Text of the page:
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Stop the fight

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Question: I have a one-year-old male cat (unneutered) called Bruiser and recently moved to a new neighborhood. He’s an outdoor cat, so we let him out after a month. But in the past two weeks he’s been in at least two cat fights and has ended up at the vet because of his wounds. Can you offer any advice on how to stop him getting into fights and also suggest natural ways to treat his wounds and avoid expensive vet bills?

D.S., via email

Answer: Top behaviorists consider feline aggression to be an outward manifestation of the internal emotional state of the cat. They believe that cats may direct aggression toward people due to fear, anxiety, frustration or even misdirection of their predatory instincts.

Aggression between cats, on the other hand, is usually due to competition for food, water, mates or just space.

Fighting among cats in the neighborhood is usually associated with social stress, which can be caused by:

• The introduction of a newcomer

• The presence of a feline despot (a cat that is aggressively expanding its territory by displacing other cats)

• The presence of one or more non-neutered male cats

• The presence of female cats in season (queens in estrus)

Feline territory is usually divided into three zones: the core territory (usually the home), the home range (your garden or a neighbor’s garden, including defecating areas and platforms shared by all cats in the immediate neighborhood) and finally the hunting ranges, which are shared by cats roaming the local vicinity. Defending their territory is natural for most cats.

Signs your cat has been fighting

Cats are seldom observed fighting; the awful noises that accompany most cat fights may be the only clue. Or you may discover your cat has a bite wound or abscess.

An abscess is a localized collection of pus that has built up, usually within a cavity in the body tissue. The teeth of cats and dogs can inflict deep punctures in the skin and underlying muscles. These small wounds heal quickly, but bacteria carried on the teeth can be injected into the tissue at the time of the bite and lead to an abscess two or three days later.

Cat bites are commonly seen on the tail, head, limbs and back. Any sudden onset of lameness, swelling on the head, hissing when stroked, the tail held low or just not eating after being out the night before may be symptoms of a bite or abscess, and usually warrant a trip to your vet.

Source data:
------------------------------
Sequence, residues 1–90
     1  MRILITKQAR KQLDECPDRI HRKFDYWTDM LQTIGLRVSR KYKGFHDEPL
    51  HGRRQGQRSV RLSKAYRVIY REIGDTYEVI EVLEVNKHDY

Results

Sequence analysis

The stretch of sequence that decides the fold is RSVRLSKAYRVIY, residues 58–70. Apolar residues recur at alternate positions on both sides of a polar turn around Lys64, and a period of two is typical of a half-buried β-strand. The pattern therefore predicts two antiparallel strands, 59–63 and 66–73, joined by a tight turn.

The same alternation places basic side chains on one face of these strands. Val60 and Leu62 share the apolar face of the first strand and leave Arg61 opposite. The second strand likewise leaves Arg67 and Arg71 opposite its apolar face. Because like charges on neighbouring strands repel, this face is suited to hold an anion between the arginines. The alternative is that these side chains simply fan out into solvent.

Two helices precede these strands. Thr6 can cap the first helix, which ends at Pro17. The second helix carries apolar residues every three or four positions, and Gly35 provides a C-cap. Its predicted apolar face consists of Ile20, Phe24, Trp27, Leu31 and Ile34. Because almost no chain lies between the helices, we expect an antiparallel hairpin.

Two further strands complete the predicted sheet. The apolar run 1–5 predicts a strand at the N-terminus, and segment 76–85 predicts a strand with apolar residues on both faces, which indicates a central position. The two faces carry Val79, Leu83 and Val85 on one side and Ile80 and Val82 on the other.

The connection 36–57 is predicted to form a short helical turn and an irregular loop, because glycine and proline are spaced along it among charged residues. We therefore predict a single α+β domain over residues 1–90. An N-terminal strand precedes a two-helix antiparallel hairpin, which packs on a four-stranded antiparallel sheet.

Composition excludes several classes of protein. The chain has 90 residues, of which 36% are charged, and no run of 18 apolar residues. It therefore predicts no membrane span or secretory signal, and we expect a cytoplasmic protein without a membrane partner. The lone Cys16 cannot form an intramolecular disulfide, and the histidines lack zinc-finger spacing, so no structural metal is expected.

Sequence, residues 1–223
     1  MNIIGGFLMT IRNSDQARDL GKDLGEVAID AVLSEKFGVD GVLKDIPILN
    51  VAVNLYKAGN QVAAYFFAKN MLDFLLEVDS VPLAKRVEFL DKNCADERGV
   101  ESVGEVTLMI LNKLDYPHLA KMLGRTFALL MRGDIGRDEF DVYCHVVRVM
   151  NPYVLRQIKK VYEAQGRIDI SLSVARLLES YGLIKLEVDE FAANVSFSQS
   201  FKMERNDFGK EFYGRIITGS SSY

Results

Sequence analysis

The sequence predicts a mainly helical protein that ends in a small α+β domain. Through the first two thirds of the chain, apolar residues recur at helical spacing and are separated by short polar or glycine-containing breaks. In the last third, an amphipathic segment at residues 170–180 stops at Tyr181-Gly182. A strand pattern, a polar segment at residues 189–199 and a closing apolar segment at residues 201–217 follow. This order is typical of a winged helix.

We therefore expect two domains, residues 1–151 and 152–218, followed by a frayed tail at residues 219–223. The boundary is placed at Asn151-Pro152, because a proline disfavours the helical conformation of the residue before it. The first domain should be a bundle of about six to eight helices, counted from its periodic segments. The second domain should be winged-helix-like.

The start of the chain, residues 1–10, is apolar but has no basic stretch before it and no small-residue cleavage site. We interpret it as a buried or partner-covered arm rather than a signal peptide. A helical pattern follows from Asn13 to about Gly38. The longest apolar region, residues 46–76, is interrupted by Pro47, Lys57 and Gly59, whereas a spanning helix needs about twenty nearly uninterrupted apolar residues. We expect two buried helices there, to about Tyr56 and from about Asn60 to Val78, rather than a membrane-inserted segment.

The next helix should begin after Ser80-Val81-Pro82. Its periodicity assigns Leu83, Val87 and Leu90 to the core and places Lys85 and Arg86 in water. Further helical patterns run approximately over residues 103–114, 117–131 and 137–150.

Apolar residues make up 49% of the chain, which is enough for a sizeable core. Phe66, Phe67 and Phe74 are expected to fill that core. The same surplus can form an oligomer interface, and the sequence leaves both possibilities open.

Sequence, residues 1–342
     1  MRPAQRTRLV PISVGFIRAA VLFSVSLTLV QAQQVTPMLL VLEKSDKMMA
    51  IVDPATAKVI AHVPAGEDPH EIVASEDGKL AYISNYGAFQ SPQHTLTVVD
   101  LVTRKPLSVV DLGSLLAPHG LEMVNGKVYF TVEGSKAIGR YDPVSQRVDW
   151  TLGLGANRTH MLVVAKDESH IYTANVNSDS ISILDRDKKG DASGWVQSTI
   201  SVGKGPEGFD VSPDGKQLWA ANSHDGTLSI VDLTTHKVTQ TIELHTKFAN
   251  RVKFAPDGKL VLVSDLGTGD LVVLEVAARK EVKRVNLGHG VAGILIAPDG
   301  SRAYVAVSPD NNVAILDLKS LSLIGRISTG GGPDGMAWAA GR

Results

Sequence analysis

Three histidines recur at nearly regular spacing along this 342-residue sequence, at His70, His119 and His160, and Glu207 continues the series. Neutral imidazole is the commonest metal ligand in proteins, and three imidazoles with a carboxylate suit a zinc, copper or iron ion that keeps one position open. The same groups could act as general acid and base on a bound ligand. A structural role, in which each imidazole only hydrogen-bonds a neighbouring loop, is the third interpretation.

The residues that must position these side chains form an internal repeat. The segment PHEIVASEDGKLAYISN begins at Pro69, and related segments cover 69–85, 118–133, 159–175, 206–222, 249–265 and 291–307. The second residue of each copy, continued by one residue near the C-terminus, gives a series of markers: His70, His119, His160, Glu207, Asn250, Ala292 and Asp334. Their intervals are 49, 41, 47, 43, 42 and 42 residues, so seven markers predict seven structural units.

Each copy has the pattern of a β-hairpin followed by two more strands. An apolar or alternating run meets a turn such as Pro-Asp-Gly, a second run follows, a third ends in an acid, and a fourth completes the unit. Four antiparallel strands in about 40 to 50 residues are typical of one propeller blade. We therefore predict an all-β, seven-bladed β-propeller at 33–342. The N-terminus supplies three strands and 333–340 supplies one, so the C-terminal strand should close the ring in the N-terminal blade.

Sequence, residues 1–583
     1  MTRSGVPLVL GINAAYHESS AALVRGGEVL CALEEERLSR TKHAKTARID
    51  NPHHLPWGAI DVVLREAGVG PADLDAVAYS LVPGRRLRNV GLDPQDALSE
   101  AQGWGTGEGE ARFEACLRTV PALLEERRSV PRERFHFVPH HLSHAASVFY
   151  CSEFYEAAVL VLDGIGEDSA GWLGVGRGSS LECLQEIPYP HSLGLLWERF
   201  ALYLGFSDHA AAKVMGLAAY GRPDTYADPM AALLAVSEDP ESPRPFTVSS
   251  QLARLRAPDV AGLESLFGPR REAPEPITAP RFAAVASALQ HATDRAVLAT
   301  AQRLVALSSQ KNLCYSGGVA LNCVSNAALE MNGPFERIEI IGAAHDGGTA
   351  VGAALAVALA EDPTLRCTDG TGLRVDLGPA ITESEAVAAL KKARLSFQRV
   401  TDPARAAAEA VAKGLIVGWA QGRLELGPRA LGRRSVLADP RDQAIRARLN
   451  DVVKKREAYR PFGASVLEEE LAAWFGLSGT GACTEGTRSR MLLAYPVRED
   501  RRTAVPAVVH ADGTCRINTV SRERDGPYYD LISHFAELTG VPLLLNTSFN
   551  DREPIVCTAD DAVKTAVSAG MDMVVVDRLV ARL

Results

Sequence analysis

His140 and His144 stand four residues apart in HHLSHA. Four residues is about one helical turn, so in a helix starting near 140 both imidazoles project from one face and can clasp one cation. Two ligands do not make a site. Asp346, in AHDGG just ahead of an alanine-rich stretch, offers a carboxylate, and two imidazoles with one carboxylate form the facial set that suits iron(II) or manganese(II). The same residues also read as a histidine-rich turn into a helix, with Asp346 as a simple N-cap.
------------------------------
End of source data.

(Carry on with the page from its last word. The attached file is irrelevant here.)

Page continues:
Pus oozing from a swelling on the skin is a clear indication of an abscess and can be easily diagnosed by a watchful pet owner. However, abscesses in cats are often hidden by fur, so thoroughly check your cat or take him to a vet to be examined if you suspect he may be injured from a fight.


There are various things you can do to try to stop your cat from getting into fights. Here are some of the most effective options.


Dawn and dusk are high-risk times in terms of cat aggression, so consider keeping Bruiser inside between 7pm and 7am. Alternatively, if you notice that Bruiser is fighting with a particular neighbor’s cat, try to come to an agreement with the owner and let the cats out at different times to avoid altercation.


Getting Bruiser neutered might stop him from getting into fights. Research has shown that hormonal influences are more significant than learning in male-to-male aggression. Neutering can reduce fighting by nearly 90 percent.1,2

Catch the despot

If there is a stray, non-neutered male cat terrorizing the neighborhood domestic cats, it might be possible to catch him and take him to the vet to get neutered. However, strays can be dangerous to catch. The easiest way is to lure them into a cage with food.

Try herbs

If your cat happens to be the aggressor, you can attempt to modify his behavior by reducing potential sources of stress in the home and providing plenty of places for him to hide, escape, play and scratch. You can also employ calming herbs to ease aggression and anxiety.

Here are some good options:

  • Catnip toys. Giving your cat toys to play with can help channel his natural predatory behavior. Catnip toys are especially good as cats love the scent and will often play with them for hours. Some mass-produced catnip toys have very little aroma, as the herb has passed its shelf life, and consequently cats ignore them. Try making your own for greater potency (see box, right, for instructions).
  • Chamomile and lavender pillow. This can help to ease anxiety as well as help deter cat-loving insects and eliminate pet odors. See box, right, for how to make one.
  • Valerian. This is another calming herb that may be beneficial for aggressive or anxious cats. Many valerian-based pet products and remedies are available online.